Organisers say 1.7 million people turned out at Sunday’s pro-democracy protest in Hong Kong, amid increasingly severe warnings by Beijing.
Police put the figure much lower at 128,000, counting only those at an officially sanctioned rally.
Activists and police have clashed over the past 11 weeks, but this weekend’s protest remained peaceful.
The protests were sparked by a controversial extradition bill, which has since been suspended.
They have now morphed into a broader movement demanding democratic reform and an investigation into alleged police brutality.
The protest’s organisers, the Civil Human Rights Front, were denied authorisation for a march through the city, but police allowed a pre-approved demonstration in the city’s Victoria Park.
One of the marchers, named as Mr Wong, told the BBC’s Lam Cho Wai at the scene: “We have been fighting for more than two months, but our government has no response at all. We could just come out again and again.”
Large crowds also marched in the nearby areas of Admiralty, Causeway Bay and Wan Chai in defiance of the police ban.
A spokesman for the Hong Kong government said that although the demonstrations were generally peaceful, they had seriously affected traffic and caused much inconvenience.
He added that it was “most important to restore social order as soon as possible”.
Reinvigorated faith in the cause
Stephen McDonell, BBC News, Hong Kong
The push to drive Hong Kong’s pro-democracy movement in a more peaceful direction this weekend seems to have worked.
From toddlers to the elderly, protesters turned out to join a massive rally. Entire families were seen dressed in black getting soaked together when the heavens opened and driving rain struck the city.
These demonstrations wanted to draw again on a wide pool of public support after shocking images of escalating violence here caused many to rethink the direction of the pro-democracy push.
When it was announced inside an already full Victoria Park that underground train stations had been closed because too many people were flooding in trying to reach the rally, there was a huge cheer from the crowd.
Today has reinvigorated people’s faith in this cause and, at the moment, made it feel like a decent proportion of this city’s population are preparing to keep fighting right up to 2047, when Hong Kong is due to lose its special status and become a Chinese city like all others.
How have recent protests unfolded?
The violence has intensified in the past few weeks, and police have frequently fired tear gas and rubber bullets.
Last weekend activists occupied the airport, leading to hundreds of flights being cancelled. There were further clashes with police on Tuesday.
The turmoil has plunged one of Asia’s leading financial centres into crisis. Many businesses remained closed on Sunday amid fears of further violence.
What is Beijing saying?
The Chinese government hardened its rhetoric following the airport unrest, condemning it as “behaviour that is close to terrorism”.
It was the second time in a week that Chinese officials had publicly likened the protests to terrorist activity.
Some observers believe that the repeated use of such language suggests that China is losing patience with the protesters and signals that an intervention by Beijing is increasingly likely.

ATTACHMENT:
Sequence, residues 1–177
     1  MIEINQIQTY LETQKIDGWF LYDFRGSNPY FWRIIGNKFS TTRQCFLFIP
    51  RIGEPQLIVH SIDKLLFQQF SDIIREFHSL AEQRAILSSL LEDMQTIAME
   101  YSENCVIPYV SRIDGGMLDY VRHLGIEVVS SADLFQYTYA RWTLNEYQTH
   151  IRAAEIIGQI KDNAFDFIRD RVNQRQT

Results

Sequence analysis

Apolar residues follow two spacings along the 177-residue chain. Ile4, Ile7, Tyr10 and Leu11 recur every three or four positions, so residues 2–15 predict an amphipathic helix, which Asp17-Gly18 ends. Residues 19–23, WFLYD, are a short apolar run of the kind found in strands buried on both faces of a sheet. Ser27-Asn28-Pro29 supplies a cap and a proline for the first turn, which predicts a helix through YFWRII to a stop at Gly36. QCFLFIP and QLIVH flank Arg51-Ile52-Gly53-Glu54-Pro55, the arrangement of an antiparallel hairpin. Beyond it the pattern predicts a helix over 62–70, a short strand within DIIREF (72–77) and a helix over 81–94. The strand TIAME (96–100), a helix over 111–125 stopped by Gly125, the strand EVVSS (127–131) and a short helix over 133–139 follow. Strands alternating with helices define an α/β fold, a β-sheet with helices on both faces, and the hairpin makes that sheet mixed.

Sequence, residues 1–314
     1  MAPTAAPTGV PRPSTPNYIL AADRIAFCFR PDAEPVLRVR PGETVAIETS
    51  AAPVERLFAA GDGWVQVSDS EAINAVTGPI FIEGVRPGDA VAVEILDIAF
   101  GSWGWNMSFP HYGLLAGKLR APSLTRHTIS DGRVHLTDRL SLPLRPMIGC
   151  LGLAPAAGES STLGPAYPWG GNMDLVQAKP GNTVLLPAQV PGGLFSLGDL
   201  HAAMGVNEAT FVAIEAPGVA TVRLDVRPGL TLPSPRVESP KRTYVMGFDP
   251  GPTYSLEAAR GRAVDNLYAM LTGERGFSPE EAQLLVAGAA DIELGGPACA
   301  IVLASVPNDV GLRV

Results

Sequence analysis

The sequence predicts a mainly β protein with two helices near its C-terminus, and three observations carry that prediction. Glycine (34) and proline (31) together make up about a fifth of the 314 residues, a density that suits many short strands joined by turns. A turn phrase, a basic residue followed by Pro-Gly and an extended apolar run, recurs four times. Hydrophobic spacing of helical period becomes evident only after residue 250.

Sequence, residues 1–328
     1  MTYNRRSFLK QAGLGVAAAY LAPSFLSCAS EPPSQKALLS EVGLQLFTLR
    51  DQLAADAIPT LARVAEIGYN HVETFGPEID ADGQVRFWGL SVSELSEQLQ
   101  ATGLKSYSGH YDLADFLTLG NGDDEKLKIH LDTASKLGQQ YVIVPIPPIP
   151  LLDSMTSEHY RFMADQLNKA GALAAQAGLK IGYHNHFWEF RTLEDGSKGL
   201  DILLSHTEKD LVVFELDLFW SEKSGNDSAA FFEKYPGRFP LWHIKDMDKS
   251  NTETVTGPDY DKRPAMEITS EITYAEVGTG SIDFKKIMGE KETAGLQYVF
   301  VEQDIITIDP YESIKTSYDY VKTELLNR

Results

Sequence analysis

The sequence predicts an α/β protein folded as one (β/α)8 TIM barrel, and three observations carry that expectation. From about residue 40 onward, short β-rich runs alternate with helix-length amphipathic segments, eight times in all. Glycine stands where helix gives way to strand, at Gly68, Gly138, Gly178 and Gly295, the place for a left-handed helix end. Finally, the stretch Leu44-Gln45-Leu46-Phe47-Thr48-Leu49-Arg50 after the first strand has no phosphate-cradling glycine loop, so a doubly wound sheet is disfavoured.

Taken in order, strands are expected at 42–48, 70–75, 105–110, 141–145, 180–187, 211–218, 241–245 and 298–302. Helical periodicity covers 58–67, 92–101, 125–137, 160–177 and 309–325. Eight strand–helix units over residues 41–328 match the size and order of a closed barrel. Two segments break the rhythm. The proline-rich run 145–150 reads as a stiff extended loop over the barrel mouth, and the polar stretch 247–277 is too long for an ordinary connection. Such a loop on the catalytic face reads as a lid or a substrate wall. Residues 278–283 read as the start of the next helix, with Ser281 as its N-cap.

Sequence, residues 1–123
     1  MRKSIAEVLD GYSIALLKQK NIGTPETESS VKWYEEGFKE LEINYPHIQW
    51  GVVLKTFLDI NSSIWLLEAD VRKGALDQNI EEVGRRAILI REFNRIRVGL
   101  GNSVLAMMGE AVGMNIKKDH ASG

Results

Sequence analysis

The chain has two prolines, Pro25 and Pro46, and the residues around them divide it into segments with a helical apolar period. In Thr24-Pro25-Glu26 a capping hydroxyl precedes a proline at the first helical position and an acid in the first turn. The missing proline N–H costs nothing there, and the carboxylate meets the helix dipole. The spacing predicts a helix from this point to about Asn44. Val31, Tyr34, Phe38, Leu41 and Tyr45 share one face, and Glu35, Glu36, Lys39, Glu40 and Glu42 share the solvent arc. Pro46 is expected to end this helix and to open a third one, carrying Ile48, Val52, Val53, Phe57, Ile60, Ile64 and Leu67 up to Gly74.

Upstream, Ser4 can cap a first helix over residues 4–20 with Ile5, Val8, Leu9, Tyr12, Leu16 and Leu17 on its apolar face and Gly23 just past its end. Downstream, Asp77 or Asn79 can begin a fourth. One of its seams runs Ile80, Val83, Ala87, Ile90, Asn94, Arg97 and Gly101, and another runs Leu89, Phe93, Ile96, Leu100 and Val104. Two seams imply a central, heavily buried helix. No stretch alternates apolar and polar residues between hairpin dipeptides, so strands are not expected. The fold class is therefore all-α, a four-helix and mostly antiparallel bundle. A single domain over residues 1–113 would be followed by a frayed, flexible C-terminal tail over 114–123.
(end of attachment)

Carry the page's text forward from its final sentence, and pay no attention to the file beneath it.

Thousands of armed police have been stationed across the border in Shenzhen.
“If Hong Kong’s situation deteriorates to a point uncontrollable by the Hong Kong government, the central government will not sit by and watch,” Chen Wen of the Chinese embassy in London told BBC Radio 4.
“We have enough powers and enough solutions to quell any unrest within the limit of basic law.”
US President Donald Trump warned on Sunday that if China were to carry out a Tiananmen Square-style crackdown on the protesters, it would make a trade deal between Washington and Beijing “a very hard thing to do”.
What is the movement about?
It was sparked by a bill that would allow extradition from Hong Kong to the Chinese mainland.
Critics argue that the proposal would undermine the territory’s judicial independence and could be used to target those who speak out against the Chinese government.
The former British colony has a special status, with its own legal system and judiciary, and rights and freedoms not seen in mainland China.
The bill – announced by the government in February – was suspended following mass rallies in June. But the protesters want it withdrawn altogether.
Their current demands are:
- Complete withdrawal of the extradition bill
- The withdrawal of the “riot” description used about the 12 June protests
- An amnesty for all arrested protesters
- An independent inquiry into alleged police brutality
- Universal suffrage in elections for Hong Kong’s chief executive (the city’s leader), and Legislative Council.
Some also want the resignation of Carrie Lam, the current chief executive, whom they view as a puppet of Beijing.
More background on the protests
What questions do you have about Hong Kong? Let us know and a selection will be answered by a BBC journalist.
Use this form to ask your question:
If you are reading this page on the BBC News app, you will need to visit the mobile version of the BBC website to submit your question on this topic.